Thursday, May 18, 2023

Fun Times (Not)


Breaking in a completely new computer system at work from scratch is about as much fun as slamming your junk in a drawer. Two hundred times an hour.

There are two immutable rules about Electronic Medical Records (more leftover PITA thanks to Obozo's idiocy and meddling):

1) Everyone at every hospital thinks their EMR is the worst that's ever existed.

2) Everyone is correct.

I need more middle fingers.


Anonymous said...


Aesop said...

Epic would be the least horrible option.
But no.

lpdbw said...

I worked in IT on Epic from 2007 until I was fired in 2021 for refusing the clot shot.

Least horrible is a good way to phrase it.

RegretLeft said...

EPIC, it is said, makes it very difficult for practitioners to record accurate C-19 vax status. Only patients with in-system vax records are recorded as vaxed -(so no CVS, etc recipients which was the norm). Everyone else gets an "unknown" - you need to dive down to some text entry screens to record as text any other vax assessment - which almost nobody does.

And your less-than-most-horrible app? ... I also thought EPIC was pretty much THE only option ... maybe not in fly-over country?

TechieDude said...

Nothing like going to an appointment for a specialist that you've waited five months for and their cloud system is useless because the interwebs are down. No records.

Can't tell why you're here.

BTW, having survived cancer, I have an entourage of docs I see. Most of the specialists take time to talk. I've seen bad changes since Obama care. Each one is different. They do one or more of these:

1. Aren't taking new patients. Tired of the BS ppw, and ratwheel, they've settled on their steady customer base. This would be my guts doctor. He's in his 40s.

2. They have office hours twice a week, the other day or two they are doing procedures. When in the office, they are very quick. You're outta there in 20 minutes. This would be my ENT Oncologist. They spend a minimum of time. They'll never call you. You have to deal with the office staff, who are 'indigenous' and morons. This doc is in his 40s

3. They only do procedures now. You see the PA instead. If you need a procedure, you'll see him then. This is the pain management doc, and sort of the doc in #1 now. This doc is late 30s, early 40s. Young dude.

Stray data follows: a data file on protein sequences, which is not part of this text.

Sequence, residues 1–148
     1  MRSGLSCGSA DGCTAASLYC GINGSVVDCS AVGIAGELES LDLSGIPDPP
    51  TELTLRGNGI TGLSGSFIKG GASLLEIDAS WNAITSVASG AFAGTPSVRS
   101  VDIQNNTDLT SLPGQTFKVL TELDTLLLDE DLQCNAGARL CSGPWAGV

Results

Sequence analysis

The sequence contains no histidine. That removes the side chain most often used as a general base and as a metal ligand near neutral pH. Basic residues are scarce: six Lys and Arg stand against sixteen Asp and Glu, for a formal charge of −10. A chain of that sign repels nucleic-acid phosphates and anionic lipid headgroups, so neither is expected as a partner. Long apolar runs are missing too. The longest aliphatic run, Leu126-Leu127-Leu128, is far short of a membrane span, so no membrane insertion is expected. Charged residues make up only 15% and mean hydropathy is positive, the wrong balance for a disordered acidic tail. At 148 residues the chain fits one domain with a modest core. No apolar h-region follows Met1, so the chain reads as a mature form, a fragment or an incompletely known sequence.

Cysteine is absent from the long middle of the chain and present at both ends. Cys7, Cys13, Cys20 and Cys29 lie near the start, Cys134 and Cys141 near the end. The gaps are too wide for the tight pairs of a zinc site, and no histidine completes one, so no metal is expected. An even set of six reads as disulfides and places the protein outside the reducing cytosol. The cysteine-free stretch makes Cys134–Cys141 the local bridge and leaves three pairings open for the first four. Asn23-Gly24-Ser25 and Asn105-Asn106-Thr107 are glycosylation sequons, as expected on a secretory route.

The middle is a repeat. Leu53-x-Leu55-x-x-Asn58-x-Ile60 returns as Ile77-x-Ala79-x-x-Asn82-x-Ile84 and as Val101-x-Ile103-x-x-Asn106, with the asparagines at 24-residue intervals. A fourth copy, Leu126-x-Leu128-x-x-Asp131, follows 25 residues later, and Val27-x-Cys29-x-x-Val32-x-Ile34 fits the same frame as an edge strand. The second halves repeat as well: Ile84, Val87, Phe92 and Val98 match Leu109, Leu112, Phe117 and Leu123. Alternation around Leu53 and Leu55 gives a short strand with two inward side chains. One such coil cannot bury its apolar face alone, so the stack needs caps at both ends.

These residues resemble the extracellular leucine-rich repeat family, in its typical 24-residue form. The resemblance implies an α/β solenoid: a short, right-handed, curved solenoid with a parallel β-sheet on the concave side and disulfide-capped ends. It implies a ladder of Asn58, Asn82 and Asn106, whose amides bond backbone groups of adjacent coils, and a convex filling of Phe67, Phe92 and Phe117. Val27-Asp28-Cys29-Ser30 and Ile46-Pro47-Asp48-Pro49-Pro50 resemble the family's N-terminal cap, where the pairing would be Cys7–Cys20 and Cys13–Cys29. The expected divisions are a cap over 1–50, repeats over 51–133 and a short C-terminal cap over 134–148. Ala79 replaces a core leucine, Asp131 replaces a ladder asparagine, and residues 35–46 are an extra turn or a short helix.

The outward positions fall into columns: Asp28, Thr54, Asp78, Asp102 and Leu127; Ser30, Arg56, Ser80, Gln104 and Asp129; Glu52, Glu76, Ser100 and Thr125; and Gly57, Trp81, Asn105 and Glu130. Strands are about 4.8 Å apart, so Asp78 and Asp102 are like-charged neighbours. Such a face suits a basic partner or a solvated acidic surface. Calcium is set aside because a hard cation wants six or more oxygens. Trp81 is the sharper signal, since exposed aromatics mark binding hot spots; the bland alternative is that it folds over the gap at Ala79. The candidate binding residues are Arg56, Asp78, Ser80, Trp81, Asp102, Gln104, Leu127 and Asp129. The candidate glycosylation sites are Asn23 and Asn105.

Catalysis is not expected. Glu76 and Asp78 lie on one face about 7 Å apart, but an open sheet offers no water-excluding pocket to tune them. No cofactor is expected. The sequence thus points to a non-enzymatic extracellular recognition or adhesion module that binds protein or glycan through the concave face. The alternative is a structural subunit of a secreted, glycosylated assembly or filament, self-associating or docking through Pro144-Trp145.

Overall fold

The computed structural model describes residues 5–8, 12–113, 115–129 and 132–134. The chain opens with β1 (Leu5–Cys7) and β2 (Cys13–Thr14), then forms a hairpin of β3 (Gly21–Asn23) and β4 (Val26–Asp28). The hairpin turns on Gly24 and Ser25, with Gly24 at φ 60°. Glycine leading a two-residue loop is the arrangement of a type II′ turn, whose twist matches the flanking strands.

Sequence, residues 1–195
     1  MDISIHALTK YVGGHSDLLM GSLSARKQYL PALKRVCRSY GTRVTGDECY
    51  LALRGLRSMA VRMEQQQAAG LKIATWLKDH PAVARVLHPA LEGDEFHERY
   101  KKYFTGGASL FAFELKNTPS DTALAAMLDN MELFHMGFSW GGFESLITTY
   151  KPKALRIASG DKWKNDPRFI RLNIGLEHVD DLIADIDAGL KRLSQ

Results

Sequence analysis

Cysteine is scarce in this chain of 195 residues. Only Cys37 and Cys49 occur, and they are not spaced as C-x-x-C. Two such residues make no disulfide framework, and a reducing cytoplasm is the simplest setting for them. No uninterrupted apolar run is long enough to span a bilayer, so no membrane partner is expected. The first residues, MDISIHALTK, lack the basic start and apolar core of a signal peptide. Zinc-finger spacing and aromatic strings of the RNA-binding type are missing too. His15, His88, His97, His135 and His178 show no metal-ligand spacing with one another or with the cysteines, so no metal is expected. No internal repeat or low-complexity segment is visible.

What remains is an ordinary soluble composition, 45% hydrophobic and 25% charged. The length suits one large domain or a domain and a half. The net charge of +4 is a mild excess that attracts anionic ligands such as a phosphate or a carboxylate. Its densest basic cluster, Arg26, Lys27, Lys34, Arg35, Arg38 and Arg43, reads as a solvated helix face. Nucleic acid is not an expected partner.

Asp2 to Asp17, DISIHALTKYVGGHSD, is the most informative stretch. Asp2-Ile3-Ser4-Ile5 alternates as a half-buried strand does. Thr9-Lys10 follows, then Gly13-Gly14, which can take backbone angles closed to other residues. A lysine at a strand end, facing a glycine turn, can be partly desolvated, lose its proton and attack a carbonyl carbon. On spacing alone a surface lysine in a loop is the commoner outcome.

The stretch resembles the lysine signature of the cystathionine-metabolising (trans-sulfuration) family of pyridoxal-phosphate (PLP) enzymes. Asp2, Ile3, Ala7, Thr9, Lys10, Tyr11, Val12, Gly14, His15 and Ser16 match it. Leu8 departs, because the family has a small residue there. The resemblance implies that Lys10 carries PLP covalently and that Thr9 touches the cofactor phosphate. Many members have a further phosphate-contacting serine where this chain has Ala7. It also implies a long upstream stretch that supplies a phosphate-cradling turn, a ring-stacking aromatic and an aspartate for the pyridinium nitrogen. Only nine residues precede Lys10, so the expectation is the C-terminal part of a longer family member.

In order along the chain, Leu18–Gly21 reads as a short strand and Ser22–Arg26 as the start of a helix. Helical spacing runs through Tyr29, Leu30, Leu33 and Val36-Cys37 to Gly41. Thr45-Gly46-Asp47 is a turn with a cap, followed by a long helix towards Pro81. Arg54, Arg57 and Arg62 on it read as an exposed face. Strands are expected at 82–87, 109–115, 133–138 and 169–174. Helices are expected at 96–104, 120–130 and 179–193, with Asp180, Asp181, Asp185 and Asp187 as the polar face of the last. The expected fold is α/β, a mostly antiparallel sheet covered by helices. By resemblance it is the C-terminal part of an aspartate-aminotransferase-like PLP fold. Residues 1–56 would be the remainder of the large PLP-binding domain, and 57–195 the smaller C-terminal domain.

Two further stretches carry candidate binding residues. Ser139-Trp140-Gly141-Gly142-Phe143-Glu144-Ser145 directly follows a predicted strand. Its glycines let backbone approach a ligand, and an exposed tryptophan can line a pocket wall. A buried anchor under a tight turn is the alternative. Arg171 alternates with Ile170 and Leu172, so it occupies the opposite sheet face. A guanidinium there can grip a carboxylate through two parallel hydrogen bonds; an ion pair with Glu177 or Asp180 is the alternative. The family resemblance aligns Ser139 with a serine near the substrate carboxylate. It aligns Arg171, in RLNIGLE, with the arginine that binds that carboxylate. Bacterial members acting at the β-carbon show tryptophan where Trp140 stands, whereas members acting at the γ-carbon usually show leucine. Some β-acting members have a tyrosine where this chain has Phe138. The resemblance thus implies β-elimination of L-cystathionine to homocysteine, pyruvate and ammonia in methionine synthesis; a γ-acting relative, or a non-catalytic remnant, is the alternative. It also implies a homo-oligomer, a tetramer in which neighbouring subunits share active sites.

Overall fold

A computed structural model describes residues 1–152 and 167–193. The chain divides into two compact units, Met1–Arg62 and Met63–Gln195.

4. They start a concierge service. You pay $2500/yr for total service. Otherwise, you see the PA. This would be my endocrinologist. Last appointment I actually saw him. I said "wow! the great man is in the house! I'm honored" he said the PA was sick. Nice guy though. Real sharp.

Most of the others, if they aren't tapping on their computer as they talk to you, they have a scribe in the room, or connected to india over the interwebs for one.

And that is the worst thing about Obamacare - they concentrate on the computer, not you. It's the ones above that don't, but then have to spend hours typing.

Tucanae Services said...

Aesop, there is something I don't understand; when did we start with the proposition that medical records were NOT the patient's property??

I lived in the Soviet Union, later Russian Republic, for a while and to this day I still possess the medical records, doctors notes, and invoices for any procedure done to me. Hell their system still has the provision that it is up to the patient to buy the consumables needed for pending procedures. (at the hospital, or elsewhere of patients choice.)

So crazy that in a communist system you have/had some freedom of choice. Here in a capitalist system, asking for a copy of your medical records is considered a heresy. Sigh. As an IT dude I feel your pain. I have gone thru enough system changes, updates, replacements to fill a Steven King novel, with all the horror that goes with it.

Anonymous said...

Smells like cerner to me.

Night driver said...

My condolences. The bride and I have worked within EPIC shops (2 different hospital systems) and we have been patients in both.

Have a nice helping of Gold Bond Lotion (for the tingles) and another of Vaseline for the pain.

Night Driver.

Harbinger62 said...

you forgot rule 3: every administrator thinks it's just part of your job to learn a new system and any stress you feel is all you because everyone else can make it work and its sure to pay for itself in 1 year.

Anonymous said...

I’m a retired RN. I went through this at two different facilities.
Much cursing ensued.
Good luck.

Anonymous said...

Gotta remember the people buying the software don't know shit and the people selling the software know its shit. Which means the people who have to deal with it are shoveling shit from now on. Had that experience thank you very much.

John Wilder said...

Ouch. I haven't worked with said systems, but can only imagine the hellbrew of lawyers plus laws that form the backbone and core of the system.